Last month, Emirati Foreign Minister Abdullah bin Zayed al-Nahyan shared a twitter post slandering Fahreddin Pasha and very shortly was blasted in the media in Turkey and the Middle East. This is an approach often used in times of conflict by modern nation-states in the Middle East to cast a shadow on the Ottoman Empire, which managed to accommodate Turks and Arabs for more than 400 years. The Ottoman Empire was known for its religious pluralism and multiculturalism. Historical accusations and slander have often been used as arguments to establish a legitimate source of authority during the rise of modern nation-states. They created stories and myths to justify their actions.
Turkish rule has been blamed for the backwardness of the Arab world since the Arab nationalist and secular military movements gained power via military coups in the 1950s. Arab history textbooks were designed to sabotage relations between Turks and the Arab world. A good example would be the Mamluk Sultanate (1250 to 1517), which was considered to be the period of decline and the Ottoman Empire, whose 400-year rule is not even mentioned in the books. Instead, they mention al-Nahda (cultural renaissance) in the modern Arabic literature, which started to evolve in the 19th century.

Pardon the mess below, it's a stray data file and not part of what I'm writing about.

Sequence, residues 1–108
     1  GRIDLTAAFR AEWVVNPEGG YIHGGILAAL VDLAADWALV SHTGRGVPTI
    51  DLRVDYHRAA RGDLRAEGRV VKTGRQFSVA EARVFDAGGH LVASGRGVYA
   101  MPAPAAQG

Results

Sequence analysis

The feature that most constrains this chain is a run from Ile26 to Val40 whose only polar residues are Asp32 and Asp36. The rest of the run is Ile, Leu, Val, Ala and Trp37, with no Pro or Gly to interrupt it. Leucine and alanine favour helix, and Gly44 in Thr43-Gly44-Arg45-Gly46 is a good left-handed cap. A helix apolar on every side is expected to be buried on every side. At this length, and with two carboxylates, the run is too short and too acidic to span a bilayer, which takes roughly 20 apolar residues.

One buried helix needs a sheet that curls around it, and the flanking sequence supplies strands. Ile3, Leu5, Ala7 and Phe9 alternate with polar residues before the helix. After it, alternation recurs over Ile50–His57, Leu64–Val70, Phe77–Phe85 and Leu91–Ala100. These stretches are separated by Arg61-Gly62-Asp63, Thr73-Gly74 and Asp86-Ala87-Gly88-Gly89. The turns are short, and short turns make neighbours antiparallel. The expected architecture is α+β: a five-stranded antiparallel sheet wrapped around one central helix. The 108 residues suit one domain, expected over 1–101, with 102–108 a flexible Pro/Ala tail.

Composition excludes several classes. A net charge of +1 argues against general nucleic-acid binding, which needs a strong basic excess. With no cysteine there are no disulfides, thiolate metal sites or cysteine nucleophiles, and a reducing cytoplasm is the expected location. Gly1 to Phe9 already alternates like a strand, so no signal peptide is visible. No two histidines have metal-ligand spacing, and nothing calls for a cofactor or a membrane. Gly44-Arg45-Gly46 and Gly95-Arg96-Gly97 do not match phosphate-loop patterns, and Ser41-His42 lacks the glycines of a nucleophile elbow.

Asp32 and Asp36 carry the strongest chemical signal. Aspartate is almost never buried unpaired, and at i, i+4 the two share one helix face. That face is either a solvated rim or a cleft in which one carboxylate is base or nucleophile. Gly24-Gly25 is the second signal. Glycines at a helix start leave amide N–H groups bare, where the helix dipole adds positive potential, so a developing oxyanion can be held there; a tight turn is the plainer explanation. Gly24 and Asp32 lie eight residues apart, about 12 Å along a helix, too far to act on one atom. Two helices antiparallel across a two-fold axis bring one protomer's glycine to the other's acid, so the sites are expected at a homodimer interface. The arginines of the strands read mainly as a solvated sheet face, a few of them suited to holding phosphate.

The Ottoman Empire has been blamed for being the perpetrator of invasion, oppression and the cause backwardness and was mentioned in only a few passages and pages in the history books. The 400 years of Ottoman rule was considered to have incapable leadership, while the positive aspects of this empire were left out deliberately. The painful events of World War I had a big impact in evolving this negative vision of history. The texts suggest that the empire was going through a process of Turkification when in actuality Arabs and the Arab world had a privileged position as can be seen in the historical documents.
The Arabic language has always been respected since it is the language of the Quran. Another shared interest is the fact that cities like Mecca, Medina and Jerusalem, where there were majority Arab the populations, have been considered sacred and a large portion of the Ottoman budget was sent to these cities as "surra." Ottomans governed Arab lands with a decentralized administration. The sayyids and sharifs were also shown great respect during the Ottoman period.
The Ottoman Empire did not fit the definition of a colonial power. Oil had not been discovered yet. The only resources were camels and sand. The only references of the credential books of that era consist of English and French books written by prejudiced orientalists in the 19th and 20th century. There were no references to Ottoman books or documents at all.
Before and after the empire